Primary Health Tasmania’s Clinical Advisory Council and Community Advisory Council are standing advisory bodies to the Board and provide informed professional and local perspectives on how to improve Tasmania’s health system and the unique health needs of our local communities.
planning for and the delivery of Primary Health Tasmania’s strategic objectives
monitoring the organisation’s performance in achieving health outcomes
assessing the Tasmanian community’s health needs
determining health service priorities and solutions
assessing the impact of changes in national and state health policy.
Members are appointed for three years.
Clinical Advisory Council
The Clinical Advisory Council also provides clinical leadership and informs the creation of locally relevant service responses that are aligned with national priorities. It supports Primary Health Tasmania to improve the cost-effectiveness and quality of services and the timeliness of patient care, and to reduce avoidable hospitalisations.
The 11-member Clinical Advisory Council comprises clinicians from around the state with skills and expertise in urban and rural and remote general practice, Aboriginal health, acute care, aged and palliative care, community pharmacy, allied health, education and research.
Denae Cotter, allied health (nursing)
Bev Ernst, allied health (psychology)
Dr Diane Hopper, GP
Dr Scott McKeown, public health specialist (Chair)
Dr Dennis Pashen, GP
Dr Jan Radford, GP
Dr Don Rose, GP
Dr Boon Shih Sie, GP
Dr Liz Webber, GP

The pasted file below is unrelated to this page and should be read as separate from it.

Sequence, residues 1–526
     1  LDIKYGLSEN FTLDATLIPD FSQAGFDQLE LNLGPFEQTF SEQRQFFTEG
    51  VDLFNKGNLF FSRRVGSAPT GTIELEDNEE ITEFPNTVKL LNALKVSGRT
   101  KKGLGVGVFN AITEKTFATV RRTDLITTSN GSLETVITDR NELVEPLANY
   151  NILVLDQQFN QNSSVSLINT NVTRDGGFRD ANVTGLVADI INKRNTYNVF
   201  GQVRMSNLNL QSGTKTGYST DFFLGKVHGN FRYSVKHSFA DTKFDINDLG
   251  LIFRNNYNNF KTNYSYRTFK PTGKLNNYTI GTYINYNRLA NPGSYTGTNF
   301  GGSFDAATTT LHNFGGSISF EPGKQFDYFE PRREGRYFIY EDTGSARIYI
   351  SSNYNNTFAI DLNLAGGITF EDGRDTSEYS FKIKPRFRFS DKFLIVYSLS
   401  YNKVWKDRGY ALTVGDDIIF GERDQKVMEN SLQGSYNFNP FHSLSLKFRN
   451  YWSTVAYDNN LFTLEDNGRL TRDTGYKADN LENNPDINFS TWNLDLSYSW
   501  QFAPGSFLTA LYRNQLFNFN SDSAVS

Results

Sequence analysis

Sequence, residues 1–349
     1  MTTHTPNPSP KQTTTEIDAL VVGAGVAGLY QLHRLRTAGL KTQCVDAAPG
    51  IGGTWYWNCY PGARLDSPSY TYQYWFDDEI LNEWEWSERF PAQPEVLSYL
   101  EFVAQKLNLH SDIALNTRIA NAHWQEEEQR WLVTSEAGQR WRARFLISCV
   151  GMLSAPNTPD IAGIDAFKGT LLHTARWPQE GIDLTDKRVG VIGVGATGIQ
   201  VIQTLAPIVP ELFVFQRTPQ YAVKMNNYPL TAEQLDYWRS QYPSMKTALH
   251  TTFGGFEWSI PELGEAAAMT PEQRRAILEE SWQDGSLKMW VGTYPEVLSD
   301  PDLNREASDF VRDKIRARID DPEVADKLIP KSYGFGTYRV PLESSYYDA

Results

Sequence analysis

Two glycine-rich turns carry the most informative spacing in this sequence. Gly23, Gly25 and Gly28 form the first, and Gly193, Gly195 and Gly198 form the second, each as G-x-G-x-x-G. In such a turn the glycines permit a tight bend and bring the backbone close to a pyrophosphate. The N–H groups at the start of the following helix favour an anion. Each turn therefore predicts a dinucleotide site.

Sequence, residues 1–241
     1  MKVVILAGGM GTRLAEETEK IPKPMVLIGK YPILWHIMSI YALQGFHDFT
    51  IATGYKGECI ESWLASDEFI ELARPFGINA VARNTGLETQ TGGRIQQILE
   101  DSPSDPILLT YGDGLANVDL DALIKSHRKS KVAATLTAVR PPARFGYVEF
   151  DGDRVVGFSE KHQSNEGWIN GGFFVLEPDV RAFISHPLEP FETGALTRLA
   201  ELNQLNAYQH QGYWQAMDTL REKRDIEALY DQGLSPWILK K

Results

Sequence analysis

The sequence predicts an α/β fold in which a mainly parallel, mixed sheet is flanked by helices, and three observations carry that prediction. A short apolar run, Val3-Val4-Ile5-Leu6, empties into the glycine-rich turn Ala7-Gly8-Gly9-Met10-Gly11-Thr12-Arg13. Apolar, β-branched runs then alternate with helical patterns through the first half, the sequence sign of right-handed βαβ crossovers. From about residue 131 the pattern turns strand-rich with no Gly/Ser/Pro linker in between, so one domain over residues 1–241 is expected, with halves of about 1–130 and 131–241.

Vacant, allied health (community pharmacy)
Vacant, allied health (nursing).
Community Advisory Council
The Community Advisory Council also ensures the community perspective features strongly in Primary Health Tasmania’s decisions and investments. It supports the organisation to respond to community issues and improve the healthcare system to the benefit of all Tasmanians, with a particular focus on the vulnerable and disadvantaged members of our community.
The 10-member Community Advisory Council comprises of community members and representatives from populations with unmet health needs, as well as a range of community primary care roles. This includes aged care, local government, work skills and education, advocacy, rural and remote, mental health and the social determinants of health.
Stuart Auckland (Chair)
Vacant (role will be for a nominee from the new health consumer organisation once established).
The councils meet four times each calendar year. In 2019, they meet on 20 March, 19 June, 4 September and 13 November.
Register your interest
If you would like to be notified about vacancies on either Council, register your interest via email or contact us on 1300 653 169.